Japan is the third-largest consumer of ethical drugs and the world’s third-largest economy; therefore, it is an important development centre for new medicines. However, there are various cultural and economic challenges in Japan that make it difficult to manage a fixed workforce against a variable portfolio of clinical research.
The perception is that the Japanese labour laws and culture, including ‘salaryman’, restrict or limit the changes required to move to a variable workforce model in support of clinical development needs in Japan.
ICON believes that these barriers are implied assumptions that often do not actually exist. As a result, there is an opportunity for many pharmaceutical organisations to transition to a more efficient and productive operating model in Japan. This transition can be effected using an alternative structured transaction or joint venture (JV) model. The JV structure provides a stepwise framework to transition staff and functions from the pharma to supplier partner infrastructure while simultaneously preserving staff employment and continuity of business operations. In this type of transaction, the needs and concerns of all stakeholders are considered and addressed transparently, with a key emphasis on impacted employees.
Key functions of the development enterprise under consideration for the JV include clinical operations, medical writing, data management, clinical pharmacology, and pharmacovigilance. Regulatory is often a shared competence (discriminating the difference between regulatory operations and regulatory strategy). This strategy allows the pharmaceutical company to benefit by:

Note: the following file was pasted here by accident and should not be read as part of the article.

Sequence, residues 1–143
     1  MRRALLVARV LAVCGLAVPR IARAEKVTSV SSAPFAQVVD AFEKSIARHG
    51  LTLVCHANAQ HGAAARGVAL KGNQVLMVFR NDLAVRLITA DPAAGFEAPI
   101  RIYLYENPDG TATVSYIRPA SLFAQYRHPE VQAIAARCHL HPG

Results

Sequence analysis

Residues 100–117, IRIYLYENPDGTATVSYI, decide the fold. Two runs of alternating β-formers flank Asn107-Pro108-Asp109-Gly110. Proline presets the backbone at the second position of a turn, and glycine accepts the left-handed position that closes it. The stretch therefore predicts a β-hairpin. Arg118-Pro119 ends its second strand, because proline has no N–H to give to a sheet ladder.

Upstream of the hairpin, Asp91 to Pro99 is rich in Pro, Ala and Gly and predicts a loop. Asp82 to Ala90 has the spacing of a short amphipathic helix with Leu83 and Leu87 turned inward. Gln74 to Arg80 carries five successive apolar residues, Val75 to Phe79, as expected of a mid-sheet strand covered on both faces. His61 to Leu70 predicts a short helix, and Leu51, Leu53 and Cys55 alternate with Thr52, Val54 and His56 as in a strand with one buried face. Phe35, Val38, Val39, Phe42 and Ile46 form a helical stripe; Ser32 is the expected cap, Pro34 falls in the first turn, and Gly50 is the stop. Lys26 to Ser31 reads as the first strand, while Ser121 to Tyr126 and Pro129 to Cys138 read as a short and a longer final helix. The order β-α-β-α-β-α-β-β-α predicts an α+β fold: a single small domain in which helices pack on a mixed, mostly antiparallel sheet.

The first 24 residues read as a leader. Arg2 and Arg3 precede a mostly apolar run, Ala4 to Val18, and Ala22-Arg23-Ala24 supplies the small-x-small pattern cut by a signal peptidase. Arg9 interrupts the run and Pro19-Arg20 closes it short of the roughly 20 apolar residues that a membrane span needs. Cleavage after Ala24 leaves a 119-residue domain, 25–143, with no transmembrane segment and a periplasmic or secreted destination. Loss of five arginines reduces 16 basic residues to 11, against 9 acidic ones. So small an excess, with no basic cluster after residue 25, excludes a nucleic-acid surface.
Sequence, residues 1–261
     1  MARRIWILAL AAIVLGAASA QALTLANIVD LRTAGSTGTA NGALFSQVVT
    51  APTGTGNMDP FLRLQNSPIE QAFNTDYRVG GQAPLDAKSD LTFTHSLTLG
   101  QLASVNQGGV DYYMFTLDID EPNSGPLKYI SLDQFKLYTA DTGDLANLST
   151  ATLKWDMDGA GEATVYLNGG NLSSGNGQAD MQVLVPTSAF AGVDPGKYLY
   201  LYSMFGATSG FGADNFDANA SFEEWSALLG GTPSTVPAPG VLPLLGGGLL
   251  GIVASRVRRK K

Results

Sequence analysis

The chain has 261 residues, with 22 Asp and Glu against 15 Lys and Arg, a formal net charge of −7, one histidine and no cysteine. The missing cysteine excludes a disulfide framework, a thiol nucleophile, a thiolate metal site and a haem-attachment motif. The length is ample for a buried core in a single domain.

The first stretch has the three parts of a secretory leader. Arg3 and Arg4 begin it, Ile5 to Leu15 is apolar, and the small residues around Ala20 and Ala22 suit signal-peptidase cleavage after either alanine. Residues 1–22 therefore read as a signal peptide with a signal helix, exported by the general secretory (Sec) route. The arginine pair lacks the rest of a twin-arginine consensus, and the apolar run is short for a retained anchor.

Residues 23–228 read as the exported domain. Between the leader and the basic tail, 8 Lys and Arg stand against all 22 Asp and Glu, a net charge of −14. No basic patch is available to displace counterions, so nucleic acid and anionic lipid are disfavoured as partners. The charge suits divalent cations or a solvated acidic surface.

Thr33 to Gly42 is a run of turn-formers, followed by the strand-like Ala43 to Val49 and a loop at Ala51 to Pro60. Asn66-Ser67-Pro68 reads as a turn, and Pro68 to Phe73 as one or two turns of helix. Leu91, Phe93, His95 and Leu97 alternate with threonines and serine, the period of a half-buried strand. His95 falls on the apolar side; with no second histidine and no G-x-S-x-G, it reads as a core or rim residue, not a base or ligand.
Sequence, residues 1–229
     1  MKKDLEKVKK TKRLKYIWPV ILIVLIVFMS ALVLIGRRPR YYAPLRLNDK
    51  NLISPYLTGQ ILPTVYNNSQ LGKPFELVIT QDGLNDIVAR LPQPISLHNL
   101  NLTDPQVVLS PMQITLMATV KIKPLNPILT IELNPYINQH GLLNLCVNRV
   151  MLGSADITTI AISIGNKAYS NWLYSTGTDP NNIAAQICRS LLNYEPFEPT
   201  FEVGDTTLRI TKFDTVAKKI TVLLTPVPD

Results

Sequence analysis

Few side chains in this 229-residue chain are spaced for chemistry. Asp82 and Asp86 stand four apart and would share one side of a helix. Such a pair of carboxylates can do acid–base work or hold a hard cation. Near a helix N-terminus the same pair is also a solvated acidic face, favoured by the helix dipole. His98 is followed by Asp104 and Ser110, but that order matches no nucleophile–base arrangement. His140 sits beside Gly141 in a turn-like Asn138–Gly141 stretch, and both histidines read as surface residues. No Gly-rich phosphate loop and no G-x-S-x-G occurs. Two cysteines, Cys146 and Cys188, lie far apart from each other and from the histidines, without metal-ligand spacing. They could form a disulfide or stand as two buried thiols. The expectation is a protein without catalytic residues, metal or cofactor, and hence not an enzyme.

- Reducing fixed employee headcount through its transition of staff to the JV
- Reducing reliance on dispatch workers (contractors)
- Avoiding both the financial costs and reputational damage of a significant staff redundancy and reorganisation
- Maintaining continuity of ongoing research and development work as staff transitions to the JV
- Allowing the pharma company to narrow its focus on core functions and the strategic elements of its portfolio and submissions
Importantly, in this model, the pharmaceutical company retains the legal responsibility for clinical trial performance under ICH/GCP but, through the structured transaction, transfers the employment responsibilities of the impacted staff to the new JV. In models like this, ICON was able to measure Year 1 operational savings to the pharma company of ~10% and incremental Year 2 savings of an additional 3-5% through the process and efficiency improvements as well as labour optimisation, which included:
- Turnover-related backfill, benefits, and long-term obligation savings
- Travel savings
- Reduction in sponsor system and process ownership costs
- Hiring time and improved utilisation
- Reduction of duplicate oversight
- Reduction of third-party management by the consolidation of services to ICON
Critical success factors to complete this transaction included understanding the important relationships that needed to be established with impacted employees and labour unions and understanding how co-employment risks would be managed.
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